Seite 11 - Christian Temperance and Bible Hygiene (1890)

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Chapter 1—Christian Temperance General
Man came from the hand of his Creator perfect in organization and
beautiful in form. The fact that he has for six thousand years withstood
the ever-increasing weight of disease and crime is conclusive proof
of the power of endurance with which he was first endowed. And
although the antediluvians generally gave themselves up to sin without
restraint, it was more than two thousand years before the violation
of natural law was sensibly felt. Had Adam originally possessed no
greater physical power than men now have, the race would ere this
have become extinct.
Through the successive generations since the fall, the tendency
has been continually downward. Disease has been transmitted from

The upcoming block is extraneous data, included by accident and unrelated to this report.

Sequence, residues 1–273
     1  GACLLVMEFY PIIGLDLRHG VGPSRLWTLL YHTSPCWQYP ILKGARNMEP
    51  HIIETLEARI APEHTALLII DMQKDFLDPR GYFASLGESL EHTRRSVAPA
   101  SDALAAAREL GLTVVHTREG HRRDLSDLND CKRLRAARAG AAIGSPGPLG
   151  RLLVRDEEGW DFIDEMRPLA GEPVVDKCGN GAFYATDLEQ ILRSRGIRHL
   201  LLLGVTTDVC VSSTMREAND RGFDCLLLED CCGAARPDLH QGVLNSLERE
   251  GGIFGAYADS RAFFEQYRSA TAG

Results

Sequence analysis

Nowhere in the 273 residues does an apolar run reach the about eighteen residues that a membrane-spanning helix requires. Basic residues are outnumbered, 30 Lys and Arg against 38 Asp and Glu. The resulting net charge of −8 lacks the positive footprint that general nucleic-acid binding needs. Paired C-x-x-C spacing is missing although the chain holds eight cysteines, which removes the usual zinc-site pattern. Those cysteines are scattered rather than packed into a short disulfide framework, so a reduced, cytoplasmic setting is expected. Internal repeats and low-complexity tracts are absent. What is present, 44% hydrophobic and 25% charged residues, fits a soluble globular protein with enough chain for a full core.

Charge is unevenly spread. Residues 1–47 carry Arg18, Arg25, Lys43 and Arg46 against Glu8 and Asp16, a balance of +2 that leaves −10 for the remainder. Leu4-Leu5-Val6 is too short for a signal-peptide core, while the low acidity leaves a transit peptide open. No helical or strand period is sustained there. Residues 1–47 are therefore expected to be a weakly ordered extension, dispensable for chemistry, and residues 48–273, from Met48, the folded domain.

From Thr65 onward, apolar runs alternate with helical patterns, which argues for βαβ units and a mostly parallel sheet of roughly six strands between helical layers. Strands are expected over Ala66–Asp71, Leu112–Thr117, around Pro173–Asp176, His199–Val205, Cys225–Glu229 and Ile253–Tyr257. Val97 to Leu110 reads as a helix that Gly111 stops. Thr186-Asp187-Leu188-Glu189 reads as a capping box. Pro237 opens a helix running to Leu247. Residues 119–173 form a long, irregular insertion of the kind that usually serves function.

parents to children, generation after generation. Even infants in the
cradle suffer from afflictions caused by the sins of their parents.
Moses, the first historian, gives quite a definite account of social
and individual life in the early days of the world’s history, but we find
no record that an infant was born blind, deaf, crippled, or imbecile.
Not an instance is recorded of a natural death in infancy, childhood,
or early manhood. Obituary notices in the book of Genesis run thus:
“And all the days that Adam lived were nine hundred and thirty years;
and he died.” “And all the days of Seth were nine hundred and twelve
years; and he died.” Concerning others the record states, “He died in a
good old age, an old man, and full of years.” It was so rare for a son to
die before his father, that such an occurrence was considered worthy
of record: “Haran died before his father Terah.” [
Genesis 5:5, 8
.] The patriarchs from Adam to Noah, with few exceptions, lived
nearly a thousand years. Since then the average length of life has been
At the time of Christ’s first advent, the race had already so degen-
erated that not only the old, but the middle-aged and the young, were
brought from every city to the Saviour, to be healed of their diseases.
Many labored under a weight of misery inexpressible.